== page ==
Tim McGraw and Faith Hill; Image Courtesy of Fox News,

When most people hear the names Tim McGraw and Faith Hill, they think of country music, not copyright infringement. However, a recent lawsuit has the country music power couple caught in the middle of “alleged copyright infringement.”The lawsuit itself was filed by “songwriters Sean Carey and Beau Golden” and also names “Ed Sheeran, Amy Wadge, Johnny McDaid, Steve Mac, Sony/ATV and WB Music” in addition to the couple.

Why was the lawsuit filed, though? What kind of copyright infringement was committed? Well, according to the lawsuit, “McGraw and Hill scored a hit with their current single ‘The Rest of Our Life’ by ‘blatantly copying’ Carey and Golden’s 2014 song ‘When I Found You,’ featuring singer Jasmine Rae. The lawsuit stated:

“[‘The Rest of Our Life’ is] in many instances verbatim, note-for-note copying of original elements of the Song, and is obvious to the ordinary observer.”

Image of Ed Sheeran
Ed Sheeran; Image Courtesy of

In addition to going after McGraw and Hill, Carey and Golden allege that “Sony employees had full knowledge of the infringement, blaming the record company for facilitating the incident.” The lawsuit goes on to argue that “it very well may have been an agent of Sony Music Entertainment who provided the other defendants herein with access to the Song.”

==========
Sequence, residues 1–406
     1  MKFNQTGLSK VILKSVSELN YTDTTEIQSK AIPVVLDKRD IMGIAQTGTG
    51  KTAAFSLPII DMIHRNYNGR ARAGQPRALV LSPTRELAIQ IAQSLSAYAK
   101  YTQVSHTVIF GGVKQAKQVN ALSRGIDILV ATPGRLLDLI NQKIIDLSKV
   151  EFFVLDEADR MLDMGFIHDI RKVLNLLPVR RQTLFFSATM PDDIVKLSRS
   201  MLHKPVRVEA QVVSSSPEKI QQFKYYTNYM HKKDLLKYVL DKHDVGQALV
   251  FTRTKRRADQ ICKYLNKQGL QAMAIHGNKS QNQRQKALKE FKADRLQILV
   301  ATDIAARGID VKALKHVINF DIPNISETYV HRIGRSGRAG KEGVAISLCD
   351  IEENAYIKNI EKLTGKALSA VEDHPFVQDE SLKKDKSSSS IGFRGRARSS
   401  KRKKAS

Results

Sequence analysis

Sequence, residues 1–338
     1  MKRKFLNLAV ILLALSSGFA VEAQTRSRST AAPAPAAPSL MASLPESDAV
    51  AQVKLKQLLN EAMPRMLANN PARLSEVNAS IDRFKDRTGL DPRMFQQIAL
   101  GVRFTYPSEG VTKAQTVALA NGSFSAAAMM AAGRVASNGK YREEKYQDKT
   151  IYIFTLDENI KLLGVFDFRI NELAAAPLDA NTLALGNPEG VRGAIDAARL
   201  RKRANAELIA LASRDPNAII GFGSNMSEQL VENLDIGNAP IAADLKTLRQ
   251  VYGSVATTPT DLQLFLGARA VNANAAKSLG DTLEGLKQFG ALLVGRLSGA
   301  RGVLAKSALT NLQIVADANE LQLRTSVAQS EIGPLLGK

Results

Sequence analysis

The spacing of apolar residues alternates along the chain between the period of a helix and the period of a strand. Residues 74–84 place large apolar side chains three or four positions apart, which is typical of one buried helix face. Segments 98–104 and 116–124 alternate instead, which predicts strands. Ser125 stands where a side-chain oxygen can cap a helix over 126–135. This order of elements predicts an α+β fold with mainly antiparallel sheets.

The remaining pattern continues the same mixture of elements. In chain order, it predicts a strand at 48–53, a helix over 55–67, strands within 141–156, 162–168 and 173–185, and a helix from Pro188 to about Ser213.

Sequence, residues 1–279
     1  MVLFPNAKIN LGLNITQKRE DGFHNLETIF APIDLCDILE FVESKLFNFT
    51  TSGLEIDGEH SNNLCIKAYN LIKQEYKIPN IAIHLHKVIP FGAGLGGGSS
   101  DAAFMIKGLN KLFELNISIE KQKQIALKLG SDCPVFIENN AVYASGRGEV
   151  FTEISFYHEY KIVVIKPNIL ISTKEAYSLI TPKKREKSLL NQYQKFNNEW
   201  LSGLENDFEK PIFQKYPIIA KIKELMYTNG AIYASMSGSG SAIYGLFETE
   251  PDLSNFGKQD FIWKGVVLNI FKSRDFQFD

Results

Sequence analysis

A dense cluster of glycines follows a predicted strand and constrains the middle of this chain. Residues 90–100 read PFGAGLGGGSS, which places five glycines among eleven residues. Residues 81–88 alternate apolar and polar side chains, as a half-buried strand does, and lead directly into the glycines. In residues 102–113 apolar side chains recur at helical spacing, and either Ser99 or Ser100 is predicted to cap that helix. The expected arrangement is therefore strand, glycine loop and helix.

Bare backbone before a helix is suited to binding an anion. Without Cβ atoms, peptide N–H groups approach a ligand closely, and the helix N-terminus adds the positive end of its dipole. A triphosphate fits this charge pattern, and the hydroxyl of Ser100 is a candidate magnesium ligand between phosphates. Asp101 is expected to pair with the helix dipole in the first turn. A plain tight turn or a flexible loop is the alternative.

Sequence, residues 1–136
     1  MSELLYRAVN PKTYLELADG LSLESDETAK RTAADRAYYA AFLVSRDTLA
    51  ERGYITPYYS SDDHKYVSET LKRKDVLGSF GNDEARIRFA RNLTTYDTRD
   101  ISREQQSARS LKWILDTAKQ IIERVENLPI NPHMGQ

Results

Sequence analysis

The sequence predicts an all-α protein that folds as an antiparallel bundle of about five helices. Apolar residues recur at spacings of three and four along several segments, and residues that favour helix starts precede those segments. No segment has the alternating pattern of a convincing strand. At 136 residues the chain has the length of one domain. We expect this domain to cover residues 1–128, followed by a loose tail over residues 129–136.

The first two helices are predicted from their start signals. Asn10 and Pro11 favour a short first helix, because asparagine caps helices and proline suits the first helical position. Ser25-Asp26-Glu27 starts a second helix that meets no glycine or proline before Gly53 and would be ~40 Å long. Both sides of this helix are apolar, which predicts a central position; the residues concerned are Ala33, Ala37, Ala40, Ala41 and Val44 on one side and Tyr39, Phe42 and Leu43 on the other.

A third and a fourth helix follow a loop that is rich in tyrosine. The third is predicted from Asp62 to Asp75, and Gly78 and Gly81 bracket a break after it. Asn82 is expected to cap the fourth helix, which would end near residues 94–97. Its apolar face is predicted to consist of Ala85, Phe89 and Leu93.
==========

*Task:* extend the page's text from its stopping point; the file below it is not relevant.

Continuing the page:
Golden and Carey first became aware of the alleged copyright infringement shortly after ‘The Rest of Our Life’ was released. After noticing tweets from a fan about the song, the two, along with Rae, looked into the lyrics and noticed similarities between their own song. Immediately they filed the lawsuit.

Though Rae isn’t listed as a plaintiff in the case, she attempted to involve her boyfriend, Tim Holland, who is a “marketing manager for Sony.” In fact, the lawsuit alleges:

“Mr. Holland admitted to knowing about the Infringing Song months in advance of its release because he was tasked with promoting and marketing the Infringing Song and Infringing Sound Recording before its release.”

However, once the lawsuit was officially filed, Holland remained “silent on the matter to avoid any confrontation with his company” when “asked about the similarities between the two songs.” However, he later “admitted to knowing that the songs were somewhat similar,” according to the lawsuit.

At the moment, the lawsuit seeks “at least $5 million in damages.” So what do you think? Even though all McGraw and Hill did was perform the song, is it fair to include them in the lawsuit. It will be interesting to see how this all plays out.


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